Silver MedalAustria

Helmuth Lethen, IFK
Katalog der Unordnung
20 Jahre IFK
Internationales Forschungszentrum Kulturwissenschaften an der Kunstuniversität Linz, Linz

Designer: Christoph Schörkhuber, Linz
Printer: Grasl Fairprint, Bad Vöslau

Rather than “catalogue of disorder”, as its title might be translated, this book could just as well have been called “catalogue of order”. For this it is indebted to its ironic borrowing of classic Swiss typography with which the macro-structure of this Austrian book is organised. Sans-serif typefaces, its confinement to just three font sizes, an anaxial type-area with margin, a top margin with generous white space and vibrant page headings, detailed contents pages with forewords on grey card.

Yet some things are nevertheless surprising. The book’s components are constantly re-sorted in the multiple table of contents. Not until the fifth list does one reach what one would normally expect by way of summary of contents, here consistently bearing the heading: page numbers. Within the book’s interior the columns are not fixed, exchanging places with the margin as required.

But what really stands out is the typeface. With hot lead typesetting it would sometimes happen that a character from another typeface would smuggle its way into the line of print. In printer’s jargon this was then known as a “printer’s pie”. Here the typesetting is made up exclusively of such printer’s pies, with eight different sans-serif typefaces being wildly jumbled together. And, surprisingly, this apogee of typographical chaos engenders a pleasantly shimmering appearance. Order or disorder is a matter of the perspective from which one regards the complexity of the given circumstances.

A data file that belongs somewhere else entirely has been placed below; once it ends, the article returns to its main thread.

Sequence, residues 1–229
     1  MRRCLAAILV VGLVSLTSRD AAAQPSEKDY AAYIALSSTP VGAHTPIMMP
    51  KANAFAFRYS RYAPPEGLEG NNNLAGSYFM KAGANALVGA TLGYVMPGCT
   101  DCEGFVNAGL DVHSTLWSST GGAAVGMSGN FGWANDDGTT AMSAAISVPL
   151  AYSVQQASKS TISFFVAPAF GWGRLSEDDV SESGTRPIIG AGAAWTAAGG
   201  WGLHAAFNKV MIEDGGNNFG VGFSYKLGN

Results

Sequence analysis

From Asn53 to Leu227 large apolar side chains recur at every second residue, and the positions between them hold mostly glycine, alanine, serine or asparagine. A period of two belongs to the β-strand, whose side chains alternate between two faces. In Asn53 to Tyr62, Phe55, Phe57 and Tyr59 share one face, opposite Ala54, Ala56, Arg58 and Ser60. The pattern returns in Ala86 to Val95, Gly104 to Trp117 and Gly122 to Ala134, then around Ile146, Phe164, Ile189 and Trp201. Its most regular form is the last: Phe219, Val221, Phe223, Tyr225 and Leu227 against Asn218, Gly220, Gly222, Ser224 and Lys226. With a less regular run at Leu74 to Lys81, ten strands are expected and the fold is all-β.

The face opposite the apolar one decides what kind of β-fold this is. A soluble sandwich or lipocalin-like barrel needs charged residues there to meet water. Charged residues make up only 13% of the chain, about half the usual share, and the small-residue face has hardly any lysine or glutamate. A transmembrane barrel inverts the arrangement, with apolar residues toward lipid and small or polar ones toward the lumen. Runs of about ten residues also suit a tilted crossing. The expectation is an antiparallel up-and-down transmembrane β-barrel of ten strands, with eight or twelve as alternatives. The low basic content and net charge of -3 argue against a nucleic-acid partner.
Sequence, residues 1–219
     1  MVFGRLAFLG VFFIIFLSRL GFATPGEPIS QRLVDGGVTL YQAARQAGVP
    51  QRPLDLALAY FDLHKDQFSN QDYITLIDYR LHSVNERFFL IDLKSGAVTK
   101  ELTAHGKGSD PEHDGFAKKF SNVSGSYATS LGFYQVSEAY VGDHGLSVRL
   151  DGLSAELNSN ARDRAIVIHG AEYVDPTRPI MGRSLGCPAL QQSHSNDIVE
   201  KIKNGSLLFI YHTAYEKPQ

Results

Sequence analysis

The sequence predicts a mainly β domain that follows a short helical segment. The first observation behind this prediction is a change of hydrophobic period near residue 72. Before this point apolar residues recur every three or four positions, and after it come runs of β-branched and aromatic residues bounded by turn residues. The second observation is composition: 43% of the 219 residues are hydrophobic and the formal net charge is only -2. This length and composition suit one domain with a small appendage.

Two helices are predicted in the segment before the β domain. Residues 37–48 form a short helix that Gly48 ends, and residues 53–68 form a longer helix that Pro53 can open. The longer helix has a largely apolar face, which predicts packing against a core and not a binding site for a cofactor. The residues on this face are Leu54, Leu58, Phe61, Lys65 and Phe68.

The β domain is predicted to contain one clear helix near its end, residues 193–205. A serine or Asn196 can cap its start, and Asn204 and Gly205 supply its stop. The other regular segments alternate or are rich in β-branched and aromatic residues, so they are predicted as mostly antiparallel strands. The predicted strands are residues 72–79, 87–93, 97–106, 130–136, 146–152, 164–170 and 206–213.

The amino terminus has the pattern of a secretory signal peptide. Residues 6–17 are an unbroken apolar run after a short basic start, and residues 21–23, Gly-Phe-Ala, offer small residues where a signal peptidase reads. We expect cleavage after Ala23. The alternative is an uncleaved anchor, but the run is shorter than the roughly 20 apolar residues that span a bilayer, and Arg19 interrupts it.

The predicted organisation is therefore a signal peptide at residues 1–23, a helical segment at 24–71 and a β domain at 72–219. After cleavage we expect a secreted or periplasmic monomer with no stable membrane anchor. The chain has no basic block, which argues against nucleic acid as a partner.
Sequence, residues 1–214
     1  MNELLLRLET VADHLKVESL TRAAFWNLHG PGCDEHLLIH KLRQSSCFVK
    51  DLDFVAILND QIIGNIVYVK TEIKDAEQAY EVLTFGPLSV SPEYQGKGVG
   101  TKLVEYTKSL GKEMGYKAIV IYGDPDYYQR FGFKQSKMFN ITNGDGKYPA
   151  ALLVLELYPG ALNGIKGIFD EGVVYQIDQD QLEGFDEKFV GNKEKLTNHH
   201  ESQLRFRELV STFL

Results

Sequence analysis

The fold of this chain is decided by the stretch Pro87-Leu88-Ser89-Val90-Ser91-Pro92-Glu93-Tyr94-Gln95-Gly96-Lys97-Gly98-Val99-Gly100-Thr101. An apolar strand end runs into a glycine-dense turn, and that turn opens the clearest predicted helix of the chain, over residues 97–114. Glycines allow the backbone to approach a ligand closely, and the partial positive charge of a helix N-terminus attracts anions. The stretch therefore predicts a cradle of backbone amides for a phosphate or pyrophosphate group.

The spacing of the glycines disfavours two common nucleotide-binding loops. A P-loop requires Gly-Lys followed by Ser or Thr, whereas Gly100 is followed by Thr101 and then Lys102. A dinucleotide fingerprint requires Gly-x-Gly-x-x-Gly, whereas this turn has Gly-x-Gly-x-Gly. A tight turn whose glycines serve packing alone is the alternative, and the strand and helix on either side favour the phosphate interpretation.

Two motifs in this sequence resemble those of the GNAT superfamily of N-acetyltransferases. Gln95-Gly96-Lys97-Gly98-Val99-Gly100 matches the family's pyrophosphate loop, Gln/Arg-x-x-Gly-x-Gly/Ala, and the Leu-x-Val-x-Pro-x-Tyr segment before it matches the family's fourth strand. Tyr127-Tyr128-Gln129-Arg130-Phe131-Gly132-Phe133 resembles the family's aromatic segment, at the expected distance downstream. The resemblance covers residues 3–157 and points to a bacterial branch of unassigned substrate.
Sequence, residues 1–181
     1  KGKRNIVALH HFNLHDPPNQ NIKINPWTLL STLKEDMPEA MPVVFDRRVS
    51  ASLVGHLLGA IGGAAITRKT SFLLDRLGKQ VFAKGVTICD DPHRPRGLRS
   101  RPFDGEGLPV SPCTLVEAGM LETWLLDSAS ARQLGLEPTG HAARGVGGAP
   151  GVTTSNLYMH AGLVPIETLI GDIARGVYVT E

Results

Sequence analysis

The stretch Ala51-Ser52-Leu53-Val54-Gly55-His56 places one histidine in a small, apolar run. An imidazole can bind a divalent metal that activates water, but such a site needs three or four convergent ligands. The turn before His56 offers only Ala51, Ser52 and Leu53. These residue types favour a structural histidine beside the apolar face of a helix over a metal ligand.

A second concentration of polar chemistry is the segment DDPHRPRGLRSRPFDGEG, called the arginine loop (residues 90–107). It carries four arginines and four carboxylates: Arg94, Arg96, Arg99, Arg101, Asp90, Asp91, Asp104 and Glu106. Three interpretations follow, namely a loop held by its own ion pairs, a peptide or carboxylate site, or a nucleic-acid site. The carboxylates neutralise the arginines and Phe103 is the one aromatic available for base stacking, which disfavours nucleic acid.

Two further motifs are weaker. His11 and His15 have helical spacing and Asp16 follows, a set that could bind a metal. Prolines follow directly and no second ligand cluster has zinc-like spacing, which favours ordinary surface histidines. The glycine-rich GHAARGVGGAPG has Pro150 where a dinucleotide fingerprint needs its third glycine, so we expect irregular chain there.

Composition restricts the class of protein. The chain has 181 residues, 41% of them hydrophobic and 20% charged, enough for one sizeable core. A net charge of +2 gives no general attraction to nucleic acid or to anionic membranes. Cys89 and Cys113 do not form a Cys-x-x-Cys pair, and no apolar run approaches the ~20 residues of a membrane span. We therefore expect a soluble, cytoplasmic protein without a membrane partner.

Silver MedalAustria

Lisa Maria Matzi
Schwarze Hunde & Bunte Schafe

Designer: Lisa Maria Matzi, Wien
Printer: Höhere Graphische BLVA, Wien

In this diploma dissertation the author and book designer – one and the same person – presents her family. Starting with the unorthodox shared living arrangements of her parents there unfolds a congenial panoply, introduced with great candour, wit and subjective self-distancing. The unconventionality with which the family members make their appearance in various episodes and quotes matches that of the presentation of texts and images on each page of the book. For this the designation of a new genre might even be conceivable: amusing typography.

Without any hint of drama the reader is made acquainted with various absurdities and quirks, and the author’s handling of typography is no less light-footed. Quotes seemingly taken out of context are related by a subliminal typographical coherence, and cross-references and diagrams act as a sober means of increasing the comic effect. Using traditional book materials and with fine finish of printing and binding it serves as a personal monument to a fleeting piece of family theatre.

Just as the boundaries of everyday life are dissolved, so are those of the book’s pages. It is wonderful to read and to see just how true to life Dadaistic energy can still be today.